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Poetry Friday is with Jan at BookSeed Studio

This month’s #poetrypals challenge was a new form to me: the cascade poem. I was mesmerized by Molly Hogan’s Slice of Life post on Tuesday. She posted amazing photos of a beach in Maine at sunrise on a very cold morning. I borrowed some words from her post to create a cascade poem about this photo by Molly.

Photo by Molly Hogan

Cascade Golden Morning

Cold. Cold. Single digit cold.
Walking the rhythm of the morning,
Day breaks to molten gold.

Experience moves me. Bold
ripples through me, lifts me.
Cold. Cold. Single digit cold.

Still lost in glory dawning,
toes throb in rebuke,
Walking the rhythm of the morning.

Miniature forests of fairies hold
a treasure chest of sparkling jewels.
Day breaks to molten gold.

Margaret Simon, with words from Molly Hogan

Find more Cascade poems at these poetry blog sites: Molly, Heidi, Mary Lee, Laura, and Michelle.

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Poetry Friday is hosted today by my new poet-friend, Marcie. She is a master at haiku and sends me a beautiful photo with haiku card each month. Here is the latest one:

out of tree crumbs–
tiny mushrooms stake
their umbrellas
haiku and photo by Marcie Flinchum Atkins

Today is my day to be featured on wee words for wee ones for my contribution to Two Truths and a Fib Poetry Anthology: A Poetic Introduction to 30 Subjects with a Twist. Thanks to Bridget Magee for her work compiling this book. If you are not sure about which bio statement is the fib, I’ll give you a hint: I teach gifted kids in grades 1-6.

I was inspired to write about Bubbles because my grandkids love to play with bubbles. Aren’t they fascinating? Kim Douillard granted permission for this photo to be included in the book. She takes photos on the beaches of San Diego, California. There is a bubble person who creates amazing bubbles on the beach. I love how she captures the wonder of a huge bubble in her photos.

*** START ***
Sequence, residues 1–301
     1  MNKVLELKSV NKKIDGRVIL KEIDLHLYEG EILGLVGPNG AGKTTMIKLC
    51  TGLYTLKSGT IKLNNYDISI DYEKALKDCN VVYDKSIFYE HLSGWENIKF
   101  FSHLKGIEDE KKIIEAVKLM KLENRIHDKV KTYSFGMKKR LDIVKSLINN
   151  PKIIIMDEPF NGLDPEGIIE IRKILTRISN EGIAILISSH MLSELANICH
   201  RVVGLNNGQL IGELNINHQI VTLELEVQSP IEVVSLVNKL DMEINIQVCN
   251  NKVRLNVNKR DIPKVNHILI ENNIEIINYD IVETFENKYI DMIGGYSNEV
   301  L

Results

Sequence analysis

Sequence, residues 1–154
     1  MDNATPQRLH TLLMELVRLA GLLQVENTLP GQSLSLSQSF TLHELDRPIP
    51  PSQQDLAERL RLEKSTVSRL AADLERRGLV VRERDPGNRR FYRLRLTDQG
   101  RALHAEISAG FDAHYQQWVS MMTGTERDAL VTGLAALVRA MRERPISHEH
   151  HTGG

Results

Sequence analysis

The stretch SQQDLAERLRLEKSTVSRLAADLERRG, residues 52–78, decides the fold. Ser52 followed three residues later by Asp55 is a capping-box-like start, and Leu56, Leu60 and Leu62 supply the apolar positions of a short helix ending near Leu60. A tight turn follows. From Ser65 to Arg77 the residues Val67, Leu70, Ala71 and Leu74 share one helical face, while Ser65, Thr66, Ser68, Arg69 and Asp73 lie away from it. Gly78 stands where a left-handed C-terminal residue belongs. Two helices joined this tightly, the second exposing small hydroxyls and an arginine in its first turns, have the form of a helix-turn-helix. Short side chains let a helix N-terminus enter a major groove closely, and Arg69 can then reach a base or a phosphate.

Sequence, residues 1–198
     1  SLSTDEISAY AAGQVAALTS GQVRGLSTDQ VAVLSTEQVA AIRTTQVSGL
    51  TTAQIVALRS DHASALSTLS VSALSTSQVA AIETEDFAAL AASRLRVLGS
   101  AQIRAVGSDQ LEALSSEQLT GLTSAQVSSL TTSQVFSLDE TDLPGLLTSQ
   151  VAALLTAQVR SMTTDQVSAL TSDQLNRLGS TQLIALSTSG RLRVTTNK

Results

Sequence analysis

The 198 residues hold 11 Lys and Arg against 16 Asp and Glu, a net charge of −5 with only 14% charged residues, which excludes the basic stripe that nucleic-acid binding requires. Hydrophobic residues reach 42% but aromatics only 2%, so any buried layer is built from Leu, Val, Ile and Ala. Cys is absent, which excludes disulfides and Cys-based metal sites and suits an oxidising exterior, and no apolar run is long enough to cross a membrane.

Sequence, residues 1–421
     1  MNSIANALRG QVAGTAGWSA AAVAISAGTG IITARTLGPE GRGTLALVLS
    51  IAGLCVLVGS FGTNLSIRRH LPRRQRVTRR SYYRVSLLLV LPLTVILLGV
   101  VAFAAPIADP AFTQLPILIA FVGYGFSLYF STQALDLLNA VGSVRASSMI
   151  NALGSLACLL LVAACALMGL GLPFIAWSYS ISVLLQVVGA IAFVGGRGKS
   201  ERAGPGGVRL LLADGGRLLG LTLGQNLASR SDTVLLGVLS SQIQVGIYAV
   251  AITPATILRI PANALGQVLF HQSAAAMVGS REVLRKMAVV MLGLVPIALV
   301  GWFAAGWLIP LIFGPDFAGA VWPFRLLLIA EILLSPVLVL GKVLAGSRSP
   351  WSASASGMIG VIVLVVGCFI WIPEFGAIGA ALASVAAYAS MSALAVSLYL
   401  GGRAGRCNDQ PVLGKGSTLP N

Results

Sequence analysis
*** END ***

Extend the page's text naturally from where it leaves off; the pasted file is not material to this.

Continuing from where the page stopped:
Photo by Kim Douillard

I want to share my Fib poem. The Fib poem form was created by Greg Pincus using the Fibonacci series for syllable count: 1. 1, 2, 3, 5, 8,…

Blow
Big
Sturdy
Flexible
Shape-shifting whispers
Large enough for you to ride on.

(c) Margaret Simon, 2023

Consider ordering a copy of this book full of fun poem forms and fibs: Click here.

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I can’t resist a good sunset photo. I don’t think I’m alone in this. A brightly colored sunset reminds us that things will be alright. I saw this wonderful photo on Mary Howard’s Facebook. She often posts sunsets from her new home in Hawaii, but this one is from Myrtle Beach, South Carolina. She happily granted permission for me to use it.

 “I was in Myrtle Beach SC for a SERRRA presentation. Each night I’d walked the beach to get sunset photos. On this day I noticed that I could actually walk under this and it made for a perfect photo. I’m learning to pay attention to my gut!” Mary Howard